Working Group on Bycatch of Protected Species (WGBYC)
The Working Group on Bycatch of Protected Species (WGBYC) was established in 2007 and col-lates and analyses information from across the Northeast Atlantic and adjacent sea areas (Baltic, Mediterranean and Black Seas) related to the bycatch in commercial fishing operations of pro-tected and sensitive species including marine mammals, seabirds, turtles and sensitive fish spe-cies.
WGBYC seeks to describe and improve understanding of the likely impacts of fishing activities on affected populations, to inform on the suitability of existing at-sea monitoring programmes for assessing sensitive species bycatch, and to collate information on bycatch mitigation efforts. In 2022, the WG hybrid meeting addressed seven Terms of Reference (ToR).
The report provides an overview of data collection activities during 2021 including details of reported monitoring and fishing effort data, and bycatch records that were submitted to the WGBYC database in 2022 following a formal data call. Data were requested from 17 of the 20 ICES countries, six EU Mediterranean countries and two EU Black Sea countries. 24 of the 25 contacted countries submitted data.
WGBYC developed a new approach for evaluating and assessing bycatch across the full range of relevant taxa by considering a range of criteria, including data quality, within group expertise and the existence of management/conservation objectives. Preliminary results based on a selec-tion of 35 Ecoregion/species/métier level 4 combinations indicated that just 9 had low monitoring bias, and also highlighted that clear conservation objectives are generally lacking for most spe-cies and areas. This approach will be further developed by WGBYC to underpin the requirements of the agreement between ICES and DGMARE for the provision of annual advice on bycatch.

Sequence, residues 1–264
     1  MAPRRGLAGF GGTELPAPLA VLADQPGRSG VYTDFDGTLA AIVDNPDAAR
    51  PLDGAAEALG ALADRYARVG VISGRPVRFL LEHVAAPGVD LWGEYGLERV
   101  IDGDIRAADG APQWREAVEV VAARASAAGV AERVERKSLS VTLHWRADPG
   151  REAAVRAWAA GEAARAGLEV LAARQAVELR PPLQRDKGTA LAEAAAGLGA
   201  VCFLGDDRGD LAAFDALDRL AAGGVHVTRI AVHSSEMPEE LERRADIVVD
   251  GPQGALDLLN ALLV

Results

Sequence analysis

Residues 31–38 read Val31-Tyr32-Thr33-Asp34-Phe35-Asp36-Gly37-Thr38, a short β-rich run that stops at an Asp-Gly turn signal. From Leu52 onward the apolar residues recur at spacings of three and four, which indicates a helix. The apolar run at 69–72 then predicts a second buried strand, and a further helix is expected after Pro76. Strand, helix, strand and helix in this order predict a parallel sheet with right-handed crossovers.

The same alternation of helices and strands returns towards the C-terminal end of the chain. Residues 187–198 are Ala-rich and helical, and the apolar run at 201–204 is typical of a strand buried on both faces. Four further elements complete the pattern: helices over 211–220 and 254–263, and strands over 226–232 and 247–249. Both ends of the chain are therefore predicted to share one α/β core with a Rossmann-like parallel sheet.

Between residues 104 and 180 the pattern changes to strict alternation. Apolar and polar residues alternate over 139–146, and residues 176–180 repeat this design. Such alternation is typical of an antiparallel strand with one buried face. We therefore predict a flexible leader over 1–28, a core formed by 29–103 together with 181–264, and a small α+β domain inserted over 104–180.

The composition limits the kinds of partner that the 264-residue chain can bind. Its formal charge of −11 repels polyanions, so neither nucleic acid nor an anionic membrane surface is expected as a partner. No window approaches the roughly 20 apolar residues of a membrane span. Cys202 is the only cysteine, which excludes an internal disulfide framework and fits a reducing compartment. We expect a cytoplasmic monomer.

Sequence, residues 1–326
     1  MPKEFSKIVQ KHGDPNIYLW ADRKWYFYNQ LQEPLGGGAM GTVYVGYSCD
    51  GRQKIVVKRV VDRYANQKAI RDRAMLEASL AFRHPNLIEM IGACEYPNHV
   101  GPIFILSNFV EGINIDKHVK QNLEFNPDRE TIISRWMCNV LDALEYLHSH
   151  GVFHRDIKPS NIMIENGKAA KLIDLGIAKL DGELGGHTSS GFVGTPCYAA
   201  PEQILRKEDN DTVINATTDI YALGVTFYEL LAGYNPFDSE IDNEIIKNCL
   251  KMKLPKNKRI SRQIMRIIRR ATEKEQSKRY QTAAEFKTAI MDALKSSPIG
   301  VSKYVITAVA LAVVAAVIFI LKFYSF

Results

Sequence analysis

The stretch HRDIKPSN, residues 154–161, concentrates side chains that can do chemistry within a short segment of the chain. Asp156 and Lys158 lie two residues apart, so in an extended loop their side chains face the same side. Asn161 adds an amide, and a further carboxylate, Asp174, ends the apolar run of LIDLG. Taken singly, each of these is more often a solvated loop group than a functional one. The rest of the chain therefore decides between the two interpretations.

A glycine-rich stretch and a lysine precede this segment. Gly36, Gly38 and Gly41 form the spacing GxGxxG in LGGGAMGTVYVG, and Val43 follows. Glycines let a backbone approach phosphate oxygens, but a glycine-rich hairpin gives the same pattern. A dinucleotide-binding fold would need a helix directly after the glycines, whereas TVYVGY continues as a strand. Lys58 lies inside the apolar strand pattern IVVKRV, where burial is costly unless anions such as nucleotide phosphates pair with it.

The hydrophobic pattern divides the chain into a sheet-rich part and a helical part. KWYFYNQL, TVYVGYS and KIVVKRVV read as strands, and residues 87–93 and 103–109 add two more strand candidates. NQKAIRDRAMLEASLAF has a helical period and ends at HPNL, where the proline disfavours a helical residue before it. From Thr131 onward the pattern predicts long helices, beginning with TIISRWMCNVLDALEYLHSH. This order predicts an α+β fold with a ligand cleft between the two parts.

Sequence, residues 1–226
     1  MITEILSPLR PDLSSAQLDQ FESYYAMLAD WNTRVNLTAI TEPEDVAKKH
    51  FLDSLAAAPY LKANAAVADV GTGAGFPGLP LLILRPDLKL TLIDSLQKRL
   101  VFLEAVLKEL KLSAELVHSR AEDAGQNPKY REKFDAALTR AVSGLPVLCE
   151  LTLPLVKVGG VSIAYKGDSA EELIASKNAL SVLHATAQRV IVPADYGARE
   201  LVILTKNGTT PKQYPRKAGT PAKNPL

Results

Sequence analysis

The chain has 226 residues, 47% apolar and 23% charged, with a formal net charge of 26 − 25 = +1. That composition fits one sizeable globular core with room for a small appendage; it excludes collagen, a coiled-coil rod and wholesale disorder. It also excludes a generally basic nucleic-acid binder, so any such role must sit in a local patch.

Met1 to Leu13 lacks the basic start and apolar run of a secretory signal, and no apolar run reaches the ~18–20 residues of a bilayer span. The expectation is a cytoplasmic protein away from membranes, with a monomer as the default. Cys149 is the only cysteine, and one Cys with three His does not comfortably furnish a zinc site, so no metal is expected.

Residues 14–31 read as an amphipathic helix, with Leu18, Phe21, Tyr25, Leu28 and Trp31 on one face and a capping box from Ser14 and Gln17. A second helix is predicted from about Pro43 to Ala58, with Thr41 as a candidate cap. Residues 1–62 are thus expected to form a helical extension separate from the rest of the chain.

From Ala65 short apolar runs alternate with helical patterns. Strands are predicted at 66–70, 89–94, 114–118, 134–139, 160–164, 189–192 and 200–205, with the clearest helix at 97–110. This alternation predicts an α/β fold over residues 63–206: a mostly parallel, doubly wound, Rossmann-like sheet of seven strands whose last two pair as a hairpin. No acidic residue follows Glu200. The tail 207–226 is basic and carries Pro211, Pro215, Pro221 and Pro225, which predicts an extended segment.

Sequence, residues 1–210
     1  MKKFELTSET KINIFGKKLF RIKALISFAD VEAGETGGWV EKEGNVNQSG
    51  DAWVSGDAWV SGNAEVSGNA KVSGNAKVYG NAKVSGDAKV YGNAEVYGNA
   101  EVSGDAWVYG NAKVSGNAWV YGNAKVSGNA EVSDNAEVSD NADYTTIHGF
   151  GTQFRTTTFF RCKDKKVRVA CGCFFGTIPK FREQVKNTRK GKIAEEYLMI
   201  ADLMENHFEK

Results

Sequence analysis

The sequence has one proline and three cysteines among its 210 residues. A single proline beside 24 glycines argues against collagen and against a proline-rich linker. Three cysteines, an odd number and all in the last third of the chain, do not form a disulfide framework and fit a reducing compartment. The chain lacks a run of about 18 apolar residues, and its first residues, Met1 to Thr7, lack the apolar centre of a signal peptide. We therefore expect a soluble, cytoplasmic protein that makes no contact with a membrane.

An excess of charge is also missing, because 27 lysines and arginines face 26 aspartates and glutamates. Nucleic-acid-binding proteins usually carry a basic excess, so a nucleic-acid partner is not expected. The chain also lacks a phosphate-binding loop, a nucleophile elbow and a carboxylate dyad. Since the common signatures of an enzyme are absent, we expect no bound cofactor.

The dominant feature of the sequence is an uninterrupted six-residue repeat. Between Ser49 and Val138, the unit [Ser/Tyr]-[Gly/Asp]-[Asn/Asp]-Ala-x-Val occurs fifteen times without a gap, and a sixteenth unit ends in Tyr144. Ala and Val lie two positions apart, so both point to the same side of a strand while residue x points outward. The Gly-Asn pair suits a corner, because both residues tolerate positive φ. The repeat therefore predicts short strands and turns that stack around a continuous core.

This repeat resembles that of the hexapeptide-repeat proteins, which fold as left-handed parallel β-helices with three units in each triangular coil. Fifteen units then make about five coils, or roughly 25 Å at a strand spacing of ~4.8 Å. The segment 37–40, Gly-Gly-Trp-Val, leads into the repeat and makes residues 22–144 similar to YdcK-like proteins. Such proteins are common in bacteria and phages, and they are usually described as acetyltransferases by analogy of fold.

WGBYC provided qualitative information for several species/populations of marine mammals, seabirds, turtles and fish, that are currently considered to be at significant risk due to fisheries bycatch, but because of their rarity are not well represented in existing fisheries monitoring da-tasets.
A risk-based approach to highlight monitoring gaps and inform coordinated sampling designs was further developed and provided useful insights into which métiers may be under-sampled by existing at-sea data collection programmes with respect to sensitive species bycatch.
WGBYC prepared tables and plots describing data reporting in 2021, multi-annual bycatch rates and trends in fishing effort, to contribute to the 2022 recurrent and fisheries overviews advice drafting process.
Published under the auspices of the following ICES Steering Group or Committee